On the Shadow

Recently I watched the excellent, very disturbing film “12 Years a Slave”. It is the story of Solomon Northrup. a free African-American who, during the pre-Civil War years, is kidnapped into slavery. His story of survival is quite inspiring but, during its telling, we are exposed to horrific brutality, much of it at the hands of Solomon’s owner Edwin Epps.

I and I suspect most viewers, as we watch this film, want to identify with Solomon or with Mr. Bass who helps restore him to his freedom. But I am reminded of a dream I had years ago wherein I confronted a Nazi SS officer and backed him off. I felt very self-righteous about the dream until I realized that I too had that SS officer within me. He resided in that part of my unconscious that Carl Jung referred to as the Shadow.

The Shadow is that within us that we refuse to face. It is that part of us that we deny. It is the part of us that is capable of all manner of sins. But it is also that part of us in need of redemption. In essence, it is the shit part of us waiting to be transformed into gold.

In the above dream, I was horrified to face a Nazi part of me. Yet I knew from Jungian psychology that I had to face that part, embrace it, and transform it. What he offered to me was a degree of self-discipline I sorely lacked. He helped me become a writer.

This confrontation with the Shadow is one of the most difficult miles along the spiritual pathway. How can one get in touch with it?

Make a list of how you like others to perceive you. Here is my list: compassionate, creative, laid back, intelligent. Now write down the opposite of each quality. In my case, I come up with cruel, rigid, controlling, and stupid. Shake hands with your Shadow!

What could I possibly have in common with Edwin Epps? A love of power? A desire to control others? Unbridled lust? These thoughts make me uneasy, which suggests there is some validity.

Keep in mind, though, that hidden with the Shadow is a gift, some potential within you waiting to be transformed.  Approach your Shadow not so much from a position of judgement but from a position of humble acceptance.

Reflection: What did you learn with the list exercise above? How does it make you feel?

Further Reading: Connie Zweig and Jeremiah Abrams Meeting the Shadow

Fritz Kunkel Creation Continues. Kunkel, along with John Sanford, articulates the point where Christianity can be approached from the perspective of Jungian psychology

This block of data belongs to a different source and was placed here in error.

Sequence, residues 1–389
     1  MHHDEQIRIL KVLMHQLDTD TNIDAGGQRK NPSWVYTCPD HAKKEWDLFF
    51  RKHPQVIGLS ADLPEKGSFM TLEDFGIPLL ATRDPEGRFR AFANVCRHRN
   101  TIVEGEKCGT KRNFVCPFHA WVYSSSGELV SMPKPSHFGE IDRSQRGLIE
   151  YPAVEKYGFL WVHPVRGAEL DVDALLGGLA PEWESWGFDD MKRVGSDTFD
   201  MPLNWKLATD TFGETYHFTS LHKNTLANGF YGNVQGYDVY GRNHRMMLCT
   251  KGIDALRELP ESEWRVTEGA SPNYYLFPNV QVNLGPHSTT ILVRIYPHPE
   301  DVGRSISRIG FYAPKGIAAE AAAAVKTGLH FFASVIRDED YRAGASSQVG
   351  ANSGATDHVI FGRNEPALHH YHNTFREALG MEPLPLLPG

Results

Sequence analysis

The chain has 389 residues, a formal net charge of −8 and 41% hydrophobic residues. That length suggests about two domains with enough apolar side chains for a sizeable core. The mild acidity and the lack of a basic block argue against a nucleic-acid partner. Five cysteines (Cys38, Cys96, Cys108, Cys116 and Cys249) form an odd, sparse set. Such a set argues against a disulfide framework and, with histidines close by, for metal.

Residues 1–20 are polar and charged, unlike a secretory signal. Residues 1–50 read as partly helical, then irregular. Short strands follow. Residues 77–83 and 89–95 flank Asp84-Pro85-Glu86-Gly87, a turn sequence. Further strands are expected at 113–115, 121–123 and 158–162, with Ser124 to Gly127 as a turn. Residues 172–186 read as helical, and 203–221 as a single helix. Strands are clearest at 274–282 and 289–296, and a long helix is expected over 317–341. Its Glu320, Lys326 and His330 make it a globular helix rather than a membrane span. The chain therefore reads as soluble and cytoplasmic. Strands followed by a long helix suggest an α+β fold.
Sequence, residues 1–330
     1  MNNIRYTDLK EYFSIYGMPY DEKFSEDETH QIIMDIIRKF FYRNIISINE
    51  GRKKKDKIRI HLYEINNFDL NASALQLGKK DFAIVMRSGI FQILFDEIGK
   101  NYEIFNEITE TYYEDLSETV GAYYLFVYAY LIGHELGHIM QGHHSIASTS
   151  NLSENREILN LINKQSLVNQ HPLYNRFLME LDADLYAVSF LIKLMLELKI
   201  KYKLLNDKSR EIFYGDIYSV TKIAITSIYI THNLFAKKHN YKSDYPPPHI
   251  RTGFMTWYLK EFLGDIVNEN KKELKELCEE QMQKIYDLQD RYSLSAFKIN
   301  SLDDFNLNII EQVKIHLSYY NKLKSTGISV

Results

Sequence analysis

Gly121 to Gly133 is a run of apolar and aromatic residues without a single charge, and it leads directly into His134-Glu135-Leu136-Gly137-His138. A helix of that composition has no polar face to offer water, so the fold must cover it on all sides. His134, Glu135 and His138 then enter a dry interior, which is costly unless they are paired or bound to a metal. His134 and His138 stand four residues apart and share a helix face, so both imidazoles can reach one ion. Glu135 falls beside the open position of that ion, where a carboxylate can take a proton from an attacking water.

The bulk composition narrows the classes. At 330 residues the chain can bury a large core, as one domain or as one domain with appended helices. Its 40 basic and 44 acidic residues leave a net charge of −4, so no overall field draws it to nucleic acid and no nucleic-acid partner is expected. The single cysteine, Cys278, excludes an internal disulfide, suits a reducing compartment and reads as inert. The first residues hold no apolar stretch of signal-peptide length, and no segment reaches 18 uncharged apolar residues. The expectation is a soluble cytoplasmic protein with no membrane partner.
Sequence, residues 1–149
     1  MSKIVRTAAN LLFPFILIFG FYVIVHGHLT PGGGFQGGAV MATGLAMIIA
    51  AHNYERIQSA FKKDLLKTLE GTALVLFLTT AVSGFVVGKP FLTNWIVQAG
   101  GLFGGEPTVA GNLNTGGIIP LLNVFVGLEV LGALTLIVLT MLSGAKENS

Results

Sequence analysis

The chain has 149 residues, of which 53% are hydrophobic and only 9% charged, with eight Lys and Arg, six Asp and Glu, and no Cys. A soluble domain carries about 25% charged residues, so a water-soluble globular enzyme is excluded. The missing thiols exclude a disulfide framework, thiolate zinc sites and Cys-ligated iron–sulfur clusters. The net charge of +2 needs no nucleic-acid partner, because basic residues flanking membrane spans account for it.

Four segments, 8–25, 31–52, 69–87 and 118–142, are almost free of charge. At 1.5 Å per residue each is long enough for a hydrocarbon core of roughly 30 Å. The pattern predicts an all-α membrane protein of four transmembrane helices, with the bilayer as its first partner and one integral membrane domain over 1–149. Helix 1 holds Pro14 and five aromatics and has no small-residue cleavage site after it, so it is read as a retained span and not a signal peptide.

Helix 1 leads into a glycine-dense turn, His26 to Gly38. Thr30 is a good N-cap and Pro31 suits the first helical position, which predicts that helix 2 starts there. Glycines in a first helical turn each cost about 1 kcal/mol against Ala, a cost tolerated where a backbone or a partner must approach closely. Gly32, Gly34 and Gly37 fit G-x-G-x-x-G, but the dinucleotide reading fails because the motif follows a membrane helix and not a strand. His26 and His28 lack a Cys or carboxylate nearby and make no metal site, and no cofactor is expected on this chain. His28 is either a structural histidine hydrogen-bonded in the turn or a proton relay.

About richp45198

I am a clinical psychologist and have an abiding interest in matters spiritual.
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5 Responses to On the Shadow

  1. Thank you for this excellent post on the shadow which Jung said is 80% pure gold. I’m still working on finding the gold in the rubbish of my shadow. I’m very grateful for what Jung taught us about the shadow because it is very humbling to understand that there is a Dick Cheney and a Koch Brothers inside each one of us. When I can realize that, I find myself having more genuine compassion for others and for myself. I stop judging and quickly understand the extent to which we are all in this together and the extent to which we have all participated in the devastation of our planet. What I know from working with my shadow for decades is that when I can deal with it honestly and without going into denial, something profoundly shifts in my psyche, and I experience a new level of aliveness and service in the world.

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  2. mulchmantrc@aol.com says:

    thanks for keeping me on the list — it has nothing to do with the subject of your reflection but happy springtime — tom

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  3. Susan Bass says:

    Thanks for keeping me on the list too. I think that unbridled lust could be okay if it is within the context of a loving and committed relationship. I suppose the loving and committed relationship is the “bridle”. But there is the rub. Someone has to teach a person how to have that sort of relationship in the first place. As for the dark side, anger has always been part of mine. It did cause me to be condemned by other angry people and then later redeemed by humble people. It has also caused me to be humbled (and humble) as I sit with so many others who are at different stages in dealing with their own anger. So my dark side is still angry but I still work on it in hopes of turning it into gold someday. I am also married to someone who has no dark side. Hard to believe but true. Maybe that is why he married me. I make him complete-with a dark side.

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  4. Susan Bass says:

    P.S. Where does the shadow side come from? Is it from Original Sin (i.e. human nature)? Father Cecor said that “All of us are infected by and affected by sin”. So if sin (dark side) is an infection, then we need to develop antibiotics and other anti-infective agents. We can also develop a natural immunity (antibodies) by having been infected. I think that the medical model (disease model) might work here with the dark side. Anyway, I am not sure that a love of power is necessarily part of the dark side although it could be (as could lust). The opposite of power is powerlessness which is not necessarily a good thing either. The key issue is what one does with the power and whether or not it is used selfishly (which is easy to do). Does my power make me arrogant or do I realize that all power comes from God and that I am channeling it. It would be good if I could channel it His way rather than our my own way. And it is good when I can realize that my power does not make me superior to those with less of it (“The least shall be first…..”). Some of us also need to not be seduced by the power of anger.

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  5. Enrique says:

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